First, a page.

At our Future Shock conference last Friday we launched three major sets of policy recommendations which, if enacted, will help the UK’s creative economy grow.
At our Future Shock conference last Friday we launched three major sets of policy recommendations which, if enacted, will help the UK’s creative economy grow. The creative economy is the UK’s unspoken success story, historically deeply rooted and making up one-tenth of the whole economy. It accounts for 2.6 million jobs – from advertising professionals to computer programmers, and from actors to video games developers – which is more than sectors like advanced manufacturing, financial services or construction.
Is creativity a useful concept for thinking about the future of the whole of the UK economy, not just about the arts and the creative industries? How can policymakers help make the UK economy more creative? Should the wider creative economy within which the UK’s creative industries sit be a focus for policymakers?
At Nesta we think it should be, and at our Future Shock conference last Friday we launched three major sets of policy recommendations which, if enacted, will help the UK’s creative economy grow.
The UK’s creative economy is made up of 2.6 million jobs, of which 1.7 million are in the creative industries and 0.9 million are in creative jobs in the wider economy. In the period since 2011, the creative economy has grown more than three times rapidly than the workforce as a whole.
We think the government should set its sights on the UK making 1 million new creative jobs by between 2025 and 2035 – compared with the current 1.8 million creative jobs if you tot these up across the creative economy. This is ambitious – it’s based on extrapolating the recent stellar performance of the creative economy compared with the workforce as a whole – but it is by no means unrealistic.
These creative jobs are in the main highly skilled, knowledge-intensive, and – as we’re finding in new research with Drs. Carl Benedikt Frey and Mike Osborne from the University of Oxford – resistant to automation, which will make them even more desirable in the age of pervasive artificial intelligence.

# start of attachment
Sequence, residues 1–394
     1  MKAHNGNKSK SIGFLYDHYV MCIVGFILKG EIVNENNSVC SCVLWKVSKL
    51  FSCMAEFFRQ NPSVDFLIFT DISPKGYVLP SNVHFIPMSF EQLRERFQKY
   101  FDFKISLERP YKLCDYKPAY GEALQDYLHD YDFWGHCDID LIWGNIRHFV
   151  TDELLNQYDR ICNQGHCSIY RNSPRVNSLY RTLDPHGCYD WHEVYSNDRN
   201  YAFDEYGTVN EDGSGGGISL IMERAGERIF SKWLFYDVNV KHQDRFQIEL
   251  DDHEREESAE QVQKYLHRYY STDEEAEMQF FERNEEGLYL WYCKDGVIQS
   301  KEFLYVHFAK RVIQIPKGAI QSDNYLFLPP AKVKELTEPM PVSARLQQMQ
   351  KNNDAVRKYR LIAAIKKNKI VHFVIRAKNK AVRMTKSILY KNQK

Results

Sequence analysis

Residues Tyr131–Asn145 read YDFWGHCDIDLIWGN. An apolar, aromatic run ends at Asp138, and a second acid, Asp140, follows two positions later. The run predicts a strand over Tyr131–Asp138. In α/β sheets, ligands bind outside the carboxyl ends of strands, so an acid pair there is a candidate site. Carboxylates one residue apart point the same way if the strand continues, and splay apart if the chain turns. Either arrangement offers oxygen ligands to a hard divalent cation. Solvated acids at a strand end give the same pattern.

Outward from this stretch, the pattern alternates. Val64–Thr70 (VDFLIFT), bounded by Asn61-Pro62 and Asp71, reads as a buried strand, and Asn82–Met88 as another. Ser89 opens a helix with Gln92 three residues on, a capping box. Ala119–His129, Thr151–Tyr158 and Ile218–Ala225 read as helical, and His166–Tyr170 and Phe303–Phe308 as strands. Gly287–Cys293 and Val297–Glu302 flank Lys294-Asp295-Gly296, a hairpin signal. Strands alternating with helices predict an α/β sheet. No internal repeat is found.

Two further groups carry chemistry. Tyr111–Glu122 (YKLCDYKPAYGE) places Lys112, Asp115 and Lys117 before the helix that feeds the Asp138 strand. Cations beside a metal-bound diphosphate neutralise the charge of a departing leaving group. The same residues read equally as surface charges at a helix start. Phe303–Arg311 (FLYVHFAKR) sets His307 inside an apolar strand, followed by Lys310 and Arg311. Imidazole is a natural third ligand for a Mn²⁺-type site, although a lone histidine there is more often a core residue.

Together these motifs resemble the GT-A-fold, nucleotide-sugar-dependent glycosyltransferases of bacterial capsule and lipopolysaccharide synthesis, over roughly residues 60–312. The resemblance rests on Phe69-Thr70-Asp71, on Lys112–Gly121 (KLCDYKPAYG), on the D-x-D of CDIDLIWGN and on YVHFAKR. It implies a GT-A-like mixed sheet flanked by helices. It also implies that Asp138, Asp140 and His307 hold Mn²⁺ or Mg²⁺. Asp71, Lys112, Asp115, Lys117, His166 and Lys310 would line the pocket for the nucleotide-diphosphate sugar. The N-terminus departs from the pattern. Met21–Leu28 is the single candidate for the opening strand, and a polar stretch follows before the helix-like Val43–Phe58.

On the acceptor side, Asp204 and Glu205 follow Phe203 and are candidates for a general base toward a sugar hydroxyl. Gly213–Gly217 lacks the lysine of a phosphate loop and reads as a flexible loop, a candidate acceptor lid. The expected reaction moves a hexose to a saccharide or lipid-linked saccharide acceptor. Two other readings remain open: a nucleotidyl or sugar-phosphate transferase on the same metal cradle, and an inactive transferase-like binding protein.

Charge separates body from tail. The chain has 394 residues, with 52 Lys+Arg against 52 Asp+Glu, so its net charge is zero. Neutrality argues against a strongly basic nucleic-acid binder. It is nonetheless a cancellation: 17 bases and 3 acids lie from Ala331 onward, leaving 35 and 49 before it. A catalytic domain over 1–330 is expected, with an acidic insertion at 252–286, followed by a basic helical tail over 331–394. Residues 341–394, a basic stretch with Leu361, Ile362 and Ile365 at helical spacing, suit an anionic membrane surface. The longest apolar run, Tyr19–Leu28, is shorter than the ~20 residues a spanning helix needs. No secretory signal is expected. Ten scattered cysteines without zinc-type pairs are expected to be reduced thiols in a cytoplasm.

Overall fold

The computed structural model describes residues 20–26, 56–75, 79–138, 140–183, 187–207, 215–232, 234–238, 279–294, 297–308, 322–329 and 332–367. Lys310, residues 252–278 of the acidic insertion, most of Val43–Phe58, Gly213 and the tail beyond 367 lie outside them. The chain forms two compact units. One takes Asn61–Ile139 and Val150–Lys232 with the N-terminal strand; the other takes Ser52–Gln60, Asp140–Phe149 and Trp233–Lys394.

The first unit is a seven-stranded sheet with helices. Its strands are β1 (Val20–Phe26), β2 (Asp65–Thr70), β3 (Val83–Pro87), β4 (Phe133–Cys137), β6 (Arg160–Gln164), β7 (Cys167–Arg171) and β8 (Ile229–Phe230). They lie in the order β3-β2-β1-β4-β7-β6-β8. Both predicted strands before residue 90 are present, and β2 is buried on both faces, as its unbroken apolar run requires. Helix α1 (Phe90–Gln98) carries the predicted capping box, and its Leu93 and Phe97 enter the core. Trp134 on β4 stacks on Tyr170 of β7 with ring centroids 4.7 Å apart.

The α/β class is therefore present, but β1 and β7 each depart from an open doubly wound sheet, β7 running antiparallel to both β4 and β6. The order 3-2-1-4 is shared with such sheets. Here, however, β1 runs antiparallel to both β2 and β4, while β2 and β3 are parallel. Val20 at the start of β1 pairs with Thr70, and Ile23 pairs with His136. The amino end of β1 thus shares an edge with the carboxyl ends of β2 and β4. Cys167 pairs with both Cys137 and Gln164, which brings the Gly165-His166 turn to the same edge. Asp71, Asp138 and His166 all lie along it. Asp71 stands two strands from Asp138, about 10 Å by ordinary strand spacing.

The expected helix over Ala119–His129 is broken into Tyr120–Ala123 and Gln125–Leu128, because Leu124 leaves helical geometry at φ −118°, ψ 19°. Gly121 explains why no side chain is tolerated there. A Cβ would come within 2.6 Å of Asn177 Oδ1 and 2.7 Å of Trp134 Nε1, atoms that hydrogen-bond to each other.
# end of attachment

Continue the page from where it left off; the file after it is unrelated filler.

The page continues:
“It’s absolutely right to encourage creativity in all its forms, but why limit it by defining which sectors are creative and, by passive association, those which are not?” – so said James Dyson in his 2010 Ingenious Britain review for the Conservative Party. “The UK is a world leader when it comes to the creative industries and they play an important role in shaping how the rest of the world perceives the UK” – so says the Creative Industries Council in its recent Create UK strategy document.
The data suggest that both statements are in fact true. The creative industries are defined in the official statistics as those industries for which creative jobs make up an exceptionally high % of their overall workforce – in the jargon, they are industries with high ‘creative intensities’. The creative industries specialise in creativity. But they do not have a monopoly over it.
The following data visualisation – a treemap – shows in fact that the creative industries employ marginally less than one half of the UK’s creative workforce. That is, there are at least as many creative jobs outside of the creative industries as there are within.